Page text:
Bad urbanisation is currently associated not just with congestion, crime and inequality, but also with contagion. At the same time, nearly 500 cities are vulnerable to a half-metre rise in sea levels between now and 2050 as a result of global warming.
Cities are both producers of climate change, and they are the victims of it. So they have major incentives to use technology to help them mitigate climate change, but also to adapt to it|
Through its City Insights data platform, Mastercard, which runs initiative programmes for more than 40 governments and over 300 projects around the world, also helped New York City analyse the economic consequences of COVID-19 lockdowns.
“We are already starting to contribute to the thinking about post-COVID, and how we can make these economies not only just come back but come back stronger, safer and more resilient and inclusive over time,” Gamino said.
Consumption behaviour changed significantly due to COVID-19, resulting in a strong divergence in market performance across economic sectors and reflecting investors views on long term-impacts and shift to the new normal.
Roughly half of U.S. consumer spending could be adversely affected by the pandemic with restaurants and hotels the most hit with a massive 90 percent change in spending in the second quarter, according to HSBC Global Research.
In the MSCI World index, which tracks 1,640 companies across 28 countries, winners included businesses operating in health, food, digital and remote services, while losers were those facing consumer behaviour changes and delays of non-essential spending.
Across the world, corporates took a series of both operational and financial measures to mitigate the impacts of the pandemic such as cost reduction programmes, layoffs, suspension of dividends and delays in capital expenditure and expansion.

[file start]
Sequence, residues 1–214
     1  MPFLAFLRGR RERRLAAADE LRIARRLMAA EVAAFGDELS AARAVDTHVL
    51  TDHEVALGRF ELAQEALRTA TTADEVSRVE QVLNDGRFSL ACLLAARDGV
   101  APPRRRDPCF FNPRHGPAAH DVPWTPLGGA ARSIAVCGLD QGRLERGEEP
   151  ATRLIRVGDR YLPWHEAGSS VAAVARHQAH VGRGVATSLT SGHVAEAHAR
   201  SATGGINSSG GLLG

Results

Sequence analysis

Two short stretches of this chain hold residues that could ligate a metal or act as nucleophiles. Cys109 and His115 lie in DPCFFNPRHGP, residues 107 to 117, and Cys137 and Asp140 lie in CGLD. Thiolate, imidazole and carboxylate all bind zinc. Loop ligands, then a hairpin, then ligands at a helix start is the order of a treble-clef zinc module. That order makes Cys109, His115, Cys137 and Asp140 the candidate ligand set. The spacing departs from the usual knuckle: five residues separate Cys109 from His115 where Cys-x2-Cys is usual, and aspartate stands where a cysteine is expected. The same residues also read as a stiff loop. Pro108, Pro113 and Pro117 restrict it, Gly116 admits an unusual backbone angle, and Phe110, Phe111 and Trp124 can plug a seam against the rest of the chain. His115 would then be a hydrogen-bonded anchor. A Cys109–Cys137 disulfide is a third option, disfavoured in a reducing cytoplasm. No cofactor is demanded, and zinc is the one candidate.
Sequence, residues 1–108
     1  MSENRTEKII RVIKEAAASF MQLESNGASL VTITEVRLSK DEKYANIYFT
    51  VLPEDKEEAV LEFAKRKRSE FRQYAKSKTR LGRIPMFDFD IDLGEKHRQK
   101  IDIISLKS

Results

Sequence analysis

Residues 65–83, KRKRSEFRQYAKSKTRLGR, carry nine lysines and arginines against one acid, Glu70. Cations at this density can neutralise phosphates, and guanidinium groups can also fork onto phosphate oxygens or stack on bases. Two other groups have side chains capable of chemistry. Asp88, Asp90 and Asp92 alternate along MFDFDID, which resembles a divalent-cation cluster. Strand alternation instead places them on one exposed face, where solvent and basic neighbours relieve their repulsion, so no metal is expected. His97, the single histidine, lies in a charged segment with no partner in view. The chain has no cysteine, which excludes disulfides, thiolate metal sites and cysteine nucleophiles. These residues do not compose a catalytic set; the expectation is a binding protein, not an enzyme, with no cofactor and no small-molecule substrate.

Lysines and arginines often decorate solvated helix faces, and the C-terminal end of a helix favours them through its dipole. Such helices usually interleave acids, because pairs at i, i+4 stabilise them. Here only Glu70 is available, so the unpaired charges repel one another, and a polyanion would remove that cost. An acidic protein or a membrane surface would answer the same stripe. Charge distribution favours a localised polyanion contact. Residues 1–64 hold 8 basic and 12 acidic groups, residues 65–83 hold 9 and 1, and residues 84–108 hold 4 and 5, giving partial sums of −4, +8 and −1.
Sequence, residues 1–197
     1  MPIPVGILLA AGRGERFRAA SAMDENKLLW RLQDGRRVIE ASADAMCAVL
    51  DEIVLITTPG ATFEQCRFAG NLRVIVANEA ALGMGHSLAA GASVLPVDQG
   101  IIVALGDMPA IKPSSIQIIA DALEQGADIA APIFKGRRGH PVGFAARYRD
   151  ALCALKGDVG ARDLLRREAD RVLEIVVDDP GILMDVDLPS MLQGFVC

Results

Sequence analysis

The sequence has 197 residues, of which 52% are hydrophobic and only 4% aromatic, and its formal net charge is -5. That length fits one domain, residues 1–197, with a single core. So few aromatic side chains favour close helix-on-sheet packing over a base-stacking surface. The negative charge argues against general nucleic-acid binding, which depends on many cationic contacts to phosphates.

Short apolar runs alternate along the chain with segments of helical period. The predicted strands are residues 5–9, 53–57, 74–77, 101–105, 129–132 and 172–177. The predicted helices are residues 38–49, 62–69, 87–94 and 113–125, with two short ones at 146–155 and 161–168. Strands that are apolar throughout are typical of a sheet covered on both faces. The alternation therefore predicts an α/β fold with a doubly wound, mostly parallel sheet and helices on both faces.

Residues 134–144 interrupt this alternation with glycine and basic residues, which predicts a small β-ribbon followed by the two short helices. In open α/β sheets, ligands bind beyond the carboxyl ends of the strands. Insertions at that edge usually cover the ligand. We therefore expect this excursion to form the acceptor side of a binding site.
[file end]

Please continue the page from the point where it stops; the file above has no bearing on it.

According to Clark, COVID-19 has seven mid to long-term socio-economic implications related to supply chain diversification, digital transformation and servicisation of the economy, focus on health and wellness, sustainable economy drive, new spatial patterns, geo-political changes and new social contract with more inclusion and tackling of inequalities.
Tackling climate change
COVID-19 has accelerated the process of technology adoption, making cities more responsive to citizens and creating opportunities to host different economic models that over the last decade merged into integrated corporate super clusters using new cutting-edge technologies in what is called a circular economy.
As integrated companies are critical providers of services to cities, figuring out partnerships that bring benefits from integration and collaboration is important, Clark said.
The cities must also now focus on how they can use digital technologies to draw people again to face-to-face experiences, regaining public trust by addressing issues like cleanliness, hygiene and security.
“It is important that we start to enjoy cities again as soon as we can. Cities attract populations because they are places of fun," Clark said.
"Digital technologies are a tool to make places great again. They are not just a competitive alternative channel,” he said.
HSBC and Mastercard are brilliantly compatible partners in this City Possible initiative. We work for the future of the planet with a deep commitment to sustainable finance and the climate transition|